The Australian Prudential Regulation Authority (APRA) has confirmed it will not be formally consulting with the industry on its controversial heat map proposal attaching to its member outcomes initiative.
APRA deputy chair, Helen Rowell has told Senate Estimates that there would be no formal consultation because the data the regulator is using is already in the public domain.
“We have data that is substantially already in the public domain. We are presenting that data in a different way, so we will be releasing that data,” she said. “We are briefing industry bodies and the industry more broadly and other stakeholders on what we're doing ahead of the release, but we are not formally consulting.”
Rowell was responding to questioning from NSW Labor Senator, Jenny McAllister, who said she was concerned that APRA was picking particular data points to put into the heat maps, but that those data points were being selected in the absence of benchmarks having been set.
However, Rowell claimed the absence of benchmarks would not necessarily create an issue.
“At the end of the day the benchmarks that are specified in the legislation are a matter for Treasury and the government. One of the reasons for us liaising and discussing benchmarks with Treasury is to seek convergence and alignment where we can,” she said.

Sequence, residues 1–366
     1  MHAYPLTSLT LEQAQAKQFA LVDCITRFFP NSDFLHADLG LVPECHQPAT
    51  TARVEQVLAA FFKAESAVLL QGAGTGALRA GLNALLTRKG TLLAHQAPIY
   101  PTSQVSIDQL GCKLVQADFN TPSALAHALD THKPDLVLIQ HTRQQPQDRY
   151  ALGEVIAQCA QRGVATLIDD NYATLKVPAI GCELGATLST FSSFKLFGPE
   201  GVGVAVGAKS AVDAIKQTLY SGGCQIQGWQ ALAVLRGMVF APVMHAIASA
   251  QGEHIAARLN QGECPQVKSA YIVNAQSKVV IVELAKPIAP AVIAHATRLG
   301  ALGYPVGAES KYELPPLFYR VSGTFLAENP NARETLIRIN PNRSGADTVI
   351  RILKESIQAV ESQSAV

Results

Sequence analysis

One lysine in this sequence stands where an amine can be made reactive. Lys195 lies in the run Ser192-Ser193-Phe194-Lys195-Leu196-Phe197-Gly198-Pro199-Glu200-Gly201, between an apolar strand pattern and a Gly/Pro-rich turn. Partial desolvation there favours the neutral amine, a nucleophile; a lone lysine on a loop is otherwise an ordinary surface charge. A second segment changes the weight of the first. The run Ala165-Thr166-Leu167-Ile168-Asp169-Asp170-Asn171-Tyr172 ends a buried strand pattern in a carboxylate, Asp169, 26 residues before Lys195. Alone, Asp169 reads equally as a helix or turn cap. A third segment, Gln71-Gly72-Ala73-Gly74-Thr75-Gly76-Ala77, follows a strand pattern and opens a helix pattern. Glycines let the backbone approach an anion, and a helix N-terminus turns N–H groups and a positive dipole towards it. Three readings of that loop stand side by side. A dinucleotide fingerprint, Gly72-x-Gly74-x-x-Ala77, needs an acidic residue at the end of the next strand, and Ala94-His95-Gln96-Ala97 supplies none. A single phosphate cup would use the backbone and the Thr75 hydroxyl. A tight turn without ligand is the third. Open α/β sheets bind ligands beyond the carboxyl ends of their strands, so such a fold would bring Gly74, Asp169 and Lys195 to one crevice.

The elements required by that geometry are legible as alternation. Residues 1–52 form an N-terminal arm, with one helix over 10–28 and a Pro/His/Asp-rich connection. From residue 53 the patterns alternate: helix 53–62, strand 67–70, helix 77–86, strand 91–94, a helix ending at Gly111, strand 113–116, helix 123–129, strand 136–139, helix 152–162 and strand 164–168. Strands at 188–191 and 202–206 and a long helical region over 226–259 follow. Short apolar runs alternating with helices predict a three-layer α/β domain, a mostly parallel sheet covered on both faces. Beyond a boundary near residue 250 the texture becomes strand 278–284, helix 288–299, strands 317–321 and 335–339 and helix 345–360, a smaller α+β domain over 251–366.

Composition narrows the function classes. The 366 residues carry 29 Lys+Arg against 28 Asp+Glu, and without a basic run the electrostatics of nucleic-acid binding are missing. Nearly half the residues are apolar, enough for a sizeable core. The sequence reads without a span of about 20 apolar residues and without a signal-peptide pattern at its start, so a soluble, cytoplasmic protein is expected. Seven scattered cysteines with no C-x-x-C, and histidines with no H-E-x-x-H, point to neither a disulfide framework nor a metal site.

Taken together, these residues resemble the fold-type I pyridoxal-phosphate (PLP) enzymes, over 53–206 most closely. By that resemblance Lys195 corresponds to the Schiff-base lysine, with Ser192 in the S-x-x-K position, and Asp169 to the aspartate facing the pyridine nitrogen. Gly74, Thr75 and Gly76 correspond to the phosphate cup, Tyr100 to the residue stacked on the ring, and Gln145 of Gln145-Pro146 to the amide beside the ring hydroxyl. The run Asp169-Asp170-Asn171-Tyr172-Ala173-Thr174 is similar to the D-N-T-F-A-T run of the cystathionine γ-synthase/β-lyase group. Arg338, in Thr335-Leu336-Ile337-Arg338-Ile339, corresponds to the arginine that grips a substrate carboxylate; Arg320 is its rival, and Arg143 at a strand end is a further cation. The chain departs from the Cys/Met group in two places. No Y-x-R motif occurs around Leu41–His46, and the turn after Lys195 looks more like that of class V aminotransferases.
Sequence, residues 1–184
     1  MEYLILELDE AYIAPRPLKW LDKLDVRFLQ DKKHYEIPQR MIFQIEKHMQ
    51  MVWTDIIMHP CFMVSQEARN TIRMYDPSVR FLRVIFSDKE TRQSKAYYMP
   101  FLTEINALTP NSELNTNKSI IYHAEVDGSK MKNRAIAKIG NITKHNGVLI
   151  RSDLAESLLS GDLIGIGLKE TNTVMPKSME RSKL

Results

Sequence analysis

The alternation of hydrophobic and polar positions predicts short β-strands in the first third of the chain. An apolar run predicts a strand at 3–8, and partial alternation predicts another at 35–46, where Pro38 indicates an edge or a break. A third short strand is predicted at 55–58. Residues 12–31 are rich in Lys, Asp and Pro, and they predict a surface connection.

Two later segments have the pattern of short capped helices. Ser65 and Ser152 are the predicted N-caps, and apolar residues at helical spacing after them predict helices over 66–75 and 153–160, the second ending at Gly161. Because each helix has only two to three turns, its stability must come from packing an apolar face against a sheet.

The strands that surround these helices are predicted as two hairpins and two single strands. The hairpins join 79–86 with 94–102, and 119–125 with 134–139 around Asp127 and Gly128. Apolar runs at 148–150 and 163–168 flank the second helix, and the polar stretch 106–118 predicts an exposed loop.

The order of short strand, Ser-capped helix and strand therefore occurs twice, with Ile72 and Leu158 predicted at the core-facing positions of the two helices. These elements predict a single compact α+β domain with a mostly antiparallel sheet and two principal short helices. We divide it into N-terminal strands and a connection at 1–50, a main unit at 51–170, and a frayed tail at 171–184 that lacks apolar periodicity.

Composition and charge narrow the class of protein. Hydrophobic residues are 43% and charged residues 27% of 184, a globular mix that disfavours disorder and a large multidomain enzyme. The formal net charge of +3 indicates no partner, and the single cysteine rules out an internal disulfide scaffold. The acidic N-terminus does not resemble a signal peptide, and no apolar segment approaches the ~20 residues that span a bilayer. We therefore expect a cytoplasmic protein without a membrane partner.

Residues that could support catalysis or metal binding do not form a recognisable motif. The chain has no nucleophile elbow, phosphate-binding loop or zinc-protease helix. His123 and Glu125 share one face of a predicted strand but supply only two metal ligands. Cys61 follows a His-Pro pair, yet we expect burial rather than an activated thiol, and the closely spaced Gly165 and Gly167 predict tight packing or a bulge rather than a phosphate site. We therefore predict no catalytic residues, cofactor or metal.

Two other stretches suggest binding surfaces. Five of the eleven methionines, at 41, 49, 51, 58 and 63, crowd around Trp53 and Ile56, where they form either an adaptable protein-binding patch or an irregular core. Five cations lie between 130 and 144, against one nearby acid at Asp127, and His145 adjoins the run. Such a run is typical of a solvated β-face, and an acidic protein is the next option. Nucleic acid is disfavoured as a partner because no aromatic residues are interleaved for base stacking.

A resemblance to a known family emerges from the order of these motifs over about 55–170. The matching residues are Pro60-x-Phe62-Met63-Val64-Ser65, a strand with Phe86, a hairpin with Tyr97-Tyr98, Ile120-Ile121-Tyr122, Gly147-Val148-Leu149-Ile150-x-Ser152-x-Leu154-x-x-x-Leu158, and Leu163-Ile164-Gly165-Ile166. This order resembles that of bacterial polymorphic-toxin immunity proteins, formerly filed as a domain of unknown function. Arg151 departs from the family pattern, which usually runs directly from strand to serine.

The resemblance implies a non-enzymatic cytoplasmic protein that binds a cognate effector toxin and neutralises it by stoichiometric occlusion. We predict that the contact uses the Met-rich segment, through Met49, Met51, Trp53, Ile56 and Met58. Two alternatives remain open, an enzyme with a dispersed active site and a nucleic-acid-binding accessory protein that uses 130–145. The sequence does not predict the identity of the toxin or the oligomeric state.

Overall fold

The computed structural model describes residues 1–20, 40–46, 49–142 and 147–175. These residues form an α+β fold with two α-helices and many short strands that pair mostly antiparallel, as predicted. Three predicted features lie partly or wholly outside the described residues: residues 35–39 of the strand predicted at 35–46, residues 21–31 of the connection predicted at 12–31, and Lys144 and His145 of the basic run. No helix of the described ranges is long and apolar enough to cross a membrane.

“Having said that, I think it is important to understand that our heat maps are deliberately presenting multiple performance measures in all of the categories that we're reporting, because, as we have said on many occasions, in assessing performance you need to look at a number of different measures over different time periods to get a complete assessment of the performance of products, funds and what trustees are delivering.
“In that sense, the fact that there may be a different measure prescribed in regulation, which is in addition to the measures that APRA is publishing, is not necessarily an issue from our point of view. It will just provide a different lens on performance,” Rowell said.
She said that while APRA was open to feedback she believed “it is our call as to how we publish our data and the information that we present, and this is not a policy consultation”.